Of course Troitsky was not worried about the constraints of the 50 move rule, but he predated Fine on getting the objective analysis wrong on move two. 1.Kf4 e5+ Troitsky also looks at 1...c5 2.Ne4+ Ke7! 3.Kg5 which Black would hold with the 50-move rule and 1...d5? 2.Ne5! Ke7 when 3.Nxc6+ is a win for White, instead Troitsky continued (3.Na4? when Kd6! is again drawn with the 50-move rule) ] 2.Kg4?! Ke6?! Troitsky also considers 2...d5! 3.Ng5 e4 4.Kf4 Ke7?! (4...e3! is the only move that is objectively drawing, but the text is still a draw in 50-move rule space) 5.Ke5 e3? Strangely enough, this push, which was the saving move on the previous move when it could be captured is a losing move here. 6.Ne6 e2 7.Nxe2 c5 8.Kxd5! (Troitsky also indicates 8.Nxc5?! which allows 8...d4! 9.Nd3 (!) which is mate in 58, so the 50-move rule would again come into play) 8...c4 and although the pawn has crossed the Troitsky line, White has mate in 49. One must remember that the Troitsky line indicates the line for any king position. There are many cases where the pawn is over the line, but the defender is still lost as is the case here beginning with 9.Nc3!] 3.Ng5+ Kf6! 4.Nce4+ Ke7! 5.Kf5 Kd7? Fine's 5...d5! is the only move to hold (using the 50-move rule) It is a bit odd that Troitsky did not consider that move especially since he looked at it on earlier moves. The only alternative he gives here is 5...c5? 6.Nf6 c4 7.Nge4 +-6.Nf7 d5 7.Nc5+ Black loses his e-pawn and will be left with a pawn on c6 or d5 in the subsequent 2 knight versus pawn ending, both of which are behind the Troitsky line and the second Troitsky line, so White wins.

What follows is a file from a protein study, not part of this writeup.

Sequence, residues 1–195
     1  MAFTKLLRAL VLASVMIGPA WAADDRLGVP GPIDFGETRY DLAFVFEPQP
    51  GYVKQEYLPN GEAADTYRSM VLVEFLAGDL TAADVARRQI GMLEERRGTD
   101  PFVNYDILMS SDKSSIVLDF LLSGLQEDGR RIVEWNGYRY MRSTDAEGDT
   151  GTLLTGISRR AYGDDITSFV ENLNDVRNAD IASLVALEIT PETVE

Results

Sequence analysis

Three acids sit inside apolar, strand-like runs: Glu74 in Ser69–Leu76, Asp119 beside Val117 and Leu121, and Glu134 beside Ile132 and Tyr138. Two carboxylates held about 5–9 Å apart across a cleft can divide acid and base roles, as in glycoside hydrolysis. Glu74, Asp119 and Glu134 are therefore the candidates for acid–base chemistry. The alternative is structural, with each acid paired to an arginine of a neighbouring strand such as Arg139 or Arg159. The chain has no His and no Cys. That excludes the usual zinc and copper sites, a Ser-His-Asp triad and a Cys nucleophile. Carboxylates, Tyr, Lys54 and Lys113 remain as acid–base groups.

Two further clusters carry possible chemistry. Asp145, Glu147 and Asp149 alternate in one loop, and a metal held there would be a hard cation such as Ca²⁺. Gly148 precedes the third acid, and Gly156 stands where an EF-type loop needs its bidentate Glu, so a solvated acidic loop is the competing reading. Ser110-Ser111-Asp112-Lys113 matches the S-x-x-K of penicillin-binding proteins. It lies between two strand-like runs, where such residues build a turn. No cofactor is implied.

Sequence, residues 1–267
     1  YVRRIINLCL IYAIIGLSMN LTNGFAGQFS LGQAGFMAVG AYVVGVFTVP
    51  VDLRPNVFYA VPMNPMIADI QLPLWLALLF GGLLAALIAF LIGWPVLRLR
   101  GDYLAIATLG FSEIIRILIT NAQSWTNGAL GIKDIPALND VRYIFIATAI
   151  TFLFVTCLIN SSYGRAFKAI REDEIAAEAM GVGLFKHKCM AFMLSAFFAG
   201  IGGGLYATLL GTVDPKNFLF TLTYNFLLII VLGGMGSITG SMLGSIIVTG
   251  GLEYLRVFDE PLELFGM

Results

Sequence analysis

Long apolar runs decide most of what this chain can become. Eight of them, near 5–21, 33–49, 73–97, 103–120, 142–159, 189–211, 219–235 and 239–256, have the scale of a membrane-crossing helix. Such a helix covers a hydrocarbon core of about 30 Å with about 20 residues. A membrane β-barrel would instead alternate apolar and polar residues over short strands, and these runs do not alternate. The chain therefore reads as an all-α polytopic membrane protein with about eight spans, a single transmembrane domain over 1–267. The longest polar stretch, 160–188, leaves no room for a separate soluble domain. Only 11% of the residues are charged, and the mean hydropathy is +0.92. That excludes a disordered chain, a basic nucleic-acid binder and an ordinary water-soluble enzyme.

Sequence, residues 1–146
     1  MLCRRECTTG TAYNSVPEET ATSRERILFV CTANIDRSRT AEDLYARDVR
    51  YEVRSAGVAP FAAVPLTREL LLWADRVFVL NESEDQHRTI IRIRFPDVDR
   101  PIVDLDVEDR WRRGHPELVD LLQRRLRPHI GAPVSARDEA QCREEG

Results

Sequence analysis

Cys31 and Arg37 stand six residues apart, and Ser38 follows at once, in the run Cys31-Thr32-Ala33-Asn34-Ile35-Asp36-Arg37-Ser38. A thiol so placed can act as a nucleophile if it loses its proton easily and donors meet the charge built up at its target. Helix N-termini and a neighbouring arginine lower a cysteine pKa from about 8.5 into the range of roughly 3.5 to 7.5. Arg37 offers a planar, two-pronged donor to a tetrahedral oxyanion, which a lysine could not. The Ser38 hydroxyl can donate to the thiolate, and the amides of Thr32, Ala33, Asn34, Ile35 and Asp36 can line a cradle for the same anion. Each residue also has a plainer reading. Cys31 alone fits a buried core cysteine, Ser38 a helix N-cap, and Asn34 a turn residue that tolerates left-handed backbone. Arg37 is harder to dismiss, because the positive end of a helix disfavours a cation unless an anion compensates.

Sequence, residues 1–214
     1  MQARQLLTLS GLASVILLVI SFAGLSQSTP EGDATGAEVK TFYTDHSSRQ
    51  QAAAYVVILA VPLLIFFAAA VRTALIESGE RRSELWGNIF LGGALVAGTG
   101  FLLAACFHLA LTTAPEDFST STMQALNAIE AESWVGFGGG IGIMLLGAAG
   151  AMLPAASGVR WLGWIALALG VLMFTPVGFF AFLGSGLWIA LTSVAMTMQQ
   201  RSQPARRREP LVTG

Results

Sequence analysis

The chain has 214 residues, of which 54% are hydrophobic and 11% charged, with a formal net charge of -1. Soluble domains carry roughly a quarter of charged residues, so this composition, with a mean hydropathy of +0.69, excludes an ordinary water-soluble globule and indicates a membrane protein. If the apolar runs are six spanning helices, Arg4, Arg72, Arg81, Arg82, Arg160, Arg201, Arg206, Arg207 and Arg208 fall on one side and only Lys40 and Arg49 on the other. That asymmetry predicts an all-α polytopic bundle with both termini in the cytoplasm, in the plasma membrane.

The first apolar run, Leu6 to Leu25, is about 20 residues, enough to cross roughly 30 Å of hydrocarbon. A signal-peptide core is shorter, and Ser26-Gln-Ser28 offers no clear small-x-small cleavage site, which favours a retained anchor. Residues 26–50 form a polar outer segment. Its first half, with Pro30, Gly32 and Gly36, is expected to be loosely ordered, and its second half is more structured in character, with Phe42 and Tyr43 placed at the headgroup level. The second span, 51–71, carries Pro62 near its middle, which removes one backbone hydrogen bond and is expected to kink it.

This ending is very rare in practice. I only found a dozen examples of 2 knights versus 3 connected passed pawns in the database. In two of those, the pawns were far advanced and beat the knights. In another, one of the knights was immediately captured. Of the other 9, the side with the knights won twice, once when the defending king was already in a mating net when the ending started and once using the technique described earlier of blockading the pawns and eventually winning the 2N vs. P ending. Even in that game the defender had multiple chances to draw both objectively and by reaching the 50 move rule. Since I ran through variations like that in the BCE link, I'll skip repeating that kind of tedious analysis here.